grandpa andrus

grandpa andrus

It was 2:30 on the Tuesday morning after Martin Luther King Jr. Day when I realized my phone was ringing. My sister was calling from Oregon to tell me that Grandpa was dying in a hospital in Utah. My parents, an aunt, and some of my siblings were there. I hung up the phone and for the next two hours my sisters and I texted back and forth, waiting for the final word from the one sister who was at his bedside. A little after 4:00am it came.


Grandpa was my last grandparent, my oldest grandparent, and the grandparent who was strongest and healthiest at the end. His death has hit me the hardest and made me the saddest.

I am glad that I decided a couple of years ago that when he died, I wanted the whole family to be at his funeral. We didn’t hesitate to buy plane tickets to Utah, even though we’d only been there a few weeks before.

Over the next few days before we flew out to Utah, Elsa was kind enough to do the dishes a couple of times and make a snack for me one day (bread with butter, grape jam, and honey). She also told me once that if I wanted to keep crying, I could go in my room. She said, “It’s just hard with Felix.” I assume she meant it was hard for her to take care of me when Felix also needed attention, but I also think she just heard me say that once when Felix was crying a lot more than he is these days.

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I won’t talk about how sad I am that we missed our chance to see him when we were in Utah at Christmas time, or that I had hopes that my kids would remember him and they mostly don’t. Instead I will say that I am so grateful to have known him, to know that he was proud of me and what I am doing with my life, and that I am proud to be his granddaughter. In talking to a friend whose grandfather was also a WWII vet who died somewhat suddenly and unexpectedly, she said it was nice to go through his journal and transcribe it after he died because it carried so much more meaning to her. I can already see that in my continuing relationship with Grandpa. I realized as I was going through his books at his house after the funeral that we had similar tastes in literature (history, mostly about war) and that made me feel closer to him. We also value being active: he was still doing pushups and walking 3 miles a day even at age 95. (He had the muscles of a man in his 70s.)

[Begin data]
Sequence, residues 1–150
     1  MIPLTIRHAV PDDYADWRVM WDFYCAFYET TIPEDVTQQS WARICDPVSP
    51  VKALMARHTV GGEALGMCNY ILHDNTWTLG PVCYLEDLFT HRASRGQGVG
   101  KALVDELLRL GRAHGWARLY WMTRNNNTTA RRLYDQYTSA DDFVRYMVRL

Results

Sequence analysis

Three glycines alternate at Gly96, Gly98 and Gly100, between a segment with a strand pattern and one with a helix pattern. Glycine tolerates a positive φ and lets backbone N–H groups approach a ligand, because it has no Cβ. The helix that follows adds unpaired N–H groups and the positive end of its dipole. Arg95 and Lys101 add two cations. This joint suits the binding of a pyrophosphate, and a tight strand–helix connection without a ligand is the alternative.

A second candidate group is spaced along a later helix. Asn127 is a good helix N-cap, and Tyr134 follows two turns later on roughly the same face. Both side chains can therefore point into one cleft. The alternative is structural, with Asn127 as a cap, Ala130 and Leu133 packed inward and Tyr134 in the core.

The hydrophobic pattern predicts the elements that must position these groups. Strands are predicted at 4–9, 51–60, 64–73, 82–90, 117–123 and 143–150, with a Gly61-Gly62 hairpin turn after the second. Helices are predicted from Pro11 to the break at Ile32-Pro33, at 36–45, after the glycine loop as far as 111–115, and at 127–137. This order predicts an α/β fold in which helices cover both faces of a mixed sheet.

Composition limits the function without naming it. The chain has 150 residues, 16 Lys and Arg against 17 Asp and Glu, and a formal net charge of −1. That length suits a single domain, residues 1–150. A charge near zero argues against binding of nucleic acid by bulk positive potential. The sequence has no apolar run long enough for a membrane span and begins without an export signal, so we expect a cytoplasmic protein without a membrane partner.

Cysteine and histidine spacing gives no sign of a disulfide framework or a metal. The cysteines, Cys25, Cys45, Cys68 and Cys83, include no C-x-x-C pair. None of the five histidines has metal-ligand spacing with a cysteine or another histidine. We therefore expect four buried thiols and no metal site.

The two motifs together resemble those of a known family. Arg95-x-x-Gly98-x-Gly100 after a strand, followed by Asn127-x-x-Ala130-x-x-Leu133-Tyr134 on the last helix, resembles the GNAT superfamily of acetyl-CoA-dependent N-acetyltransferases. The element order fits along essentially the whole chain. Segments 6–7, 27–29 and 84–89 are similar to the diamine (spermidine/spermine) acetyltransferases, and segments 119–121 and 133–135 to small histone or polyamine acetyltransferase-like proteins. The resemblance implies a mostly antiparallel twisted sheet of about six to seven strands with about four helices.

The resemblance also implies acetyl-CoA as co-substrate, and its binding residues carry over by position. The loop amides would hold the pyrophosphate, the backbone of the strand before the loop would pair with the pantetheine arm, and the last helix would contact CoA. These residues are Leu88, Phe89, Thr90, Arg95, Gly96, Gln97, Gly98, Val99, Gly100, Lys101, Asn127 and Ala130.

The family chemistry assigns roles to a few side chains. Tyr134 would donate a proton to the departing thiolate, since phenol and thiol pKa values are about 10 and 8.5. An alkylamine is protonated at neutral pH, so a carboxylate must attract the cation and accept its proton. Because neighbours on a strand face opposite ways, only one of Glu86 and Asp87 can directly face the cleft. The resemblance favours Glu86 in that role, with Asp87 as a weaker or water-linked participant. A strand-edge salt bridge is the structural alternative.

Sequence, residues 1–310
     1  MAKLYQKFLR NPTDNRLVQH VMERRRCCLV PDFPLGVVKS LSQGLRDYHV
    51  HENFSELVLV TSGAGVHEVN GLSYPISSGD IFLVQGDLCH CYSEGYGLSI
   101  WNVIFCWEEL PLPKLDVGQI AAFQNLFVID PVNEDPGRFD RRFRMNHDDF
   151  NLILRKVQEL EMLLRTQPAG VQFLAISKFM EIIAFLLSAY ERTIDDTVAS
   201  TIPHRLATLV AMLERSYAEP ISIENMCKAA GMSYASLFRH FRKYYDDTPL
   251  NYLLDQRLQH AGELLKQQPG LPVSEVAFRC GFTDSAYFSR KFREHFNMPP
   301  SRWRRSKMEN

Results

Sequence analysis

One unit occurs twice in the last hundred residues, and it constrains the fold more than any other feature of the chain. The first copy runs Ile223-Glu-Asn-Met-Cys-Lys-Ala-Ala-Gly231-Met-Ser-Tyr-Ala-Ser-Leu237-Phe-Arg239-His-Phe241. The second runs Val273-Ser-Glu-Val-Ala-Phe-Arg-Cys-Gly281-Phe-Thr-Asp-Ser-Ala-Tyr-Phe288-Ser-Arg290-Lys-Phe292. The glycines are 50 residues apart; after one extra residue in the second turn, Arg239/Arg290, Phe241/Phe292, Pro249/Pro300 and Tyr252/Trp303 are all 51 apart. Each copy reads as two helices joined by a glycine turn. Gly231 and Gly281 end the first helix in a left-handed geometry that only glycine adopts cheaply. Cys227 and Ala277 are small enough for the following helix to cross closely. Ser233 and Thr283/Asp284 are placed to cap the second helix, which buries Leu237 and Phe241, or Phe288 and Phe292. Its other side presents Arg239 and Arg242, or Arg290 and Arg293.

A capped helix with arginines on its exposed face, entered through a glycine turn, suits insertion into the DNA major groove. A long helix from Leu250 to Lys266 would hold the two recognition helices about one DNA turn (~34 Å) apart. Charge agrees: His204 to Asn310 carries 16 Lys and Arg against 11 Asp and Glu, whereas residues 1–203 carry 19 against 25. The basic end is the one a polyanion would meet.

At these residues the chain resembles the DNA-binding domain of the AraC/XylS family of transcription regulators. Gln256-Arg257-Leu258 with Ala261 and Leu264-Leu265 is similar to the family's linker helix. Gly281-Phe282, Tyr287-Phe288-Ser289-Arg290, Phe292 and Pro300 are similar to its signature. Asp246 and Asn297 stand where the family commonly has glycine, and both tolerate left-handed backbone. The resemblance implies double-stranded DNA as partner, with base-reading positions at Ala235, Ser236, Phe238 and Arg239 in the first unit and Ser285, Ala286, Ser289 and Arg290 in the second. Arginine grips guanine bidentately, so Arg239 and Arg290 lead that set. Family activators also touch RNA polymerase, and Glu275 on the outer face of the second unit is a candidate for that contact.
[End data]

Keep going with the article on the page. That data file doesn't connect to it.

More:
funeral Two more memories: When Micah and I were first married, Grandma and Grandpa told us that it just gets better as you go along and that as you get older, you get to fall in love all over again. They were looking at each other like newlyweds. I really had no idea what they were talking about, but I said something about how Micah and I fall in love all over again every day. HA! Hahaha. Now that we have more than a decade of marital bliss under our belts, I see better what they meant and I am grateful for the perspective they subtly imparted. We’re in the trenches a lot these days and the love we share is more zone defense and sacrificing for the greater good and less candlelight dinners and footsie under the table. But I know it won’t always be this way and I look forward to being newlyweds again in 20 and 30 and 40 years . . . to walking around the high school track in matching sweatsuits and waking up at 4am to make bread together. And to be holding hands and making eyes at each other again at age 80.

Years ago I posted a picture on my blog of me carrying my big old laundry bag on my back to the laundromat around the corner from my apartment. My mom showed him the photo. He wanted to show me his sweet laundry set up as well, so he had my aunt take a photo of him with his fancy washer and dryer under the stairs in his home.


Even though this has been hard for me, I am trying to remember that this is what he has wanted for years. The last time I saw him, he mentioned a couple of times that he didn’t know why he was still here when his wife and all his friends were gone. I know it must have been so hard to be one of the last of his generation around. My brother who lived next door to him said he often said, “No offense to you guys, but I’d rather be with her.” Her, meaning my grandma of course. And I’m trying to imagine them together, young and whole again.

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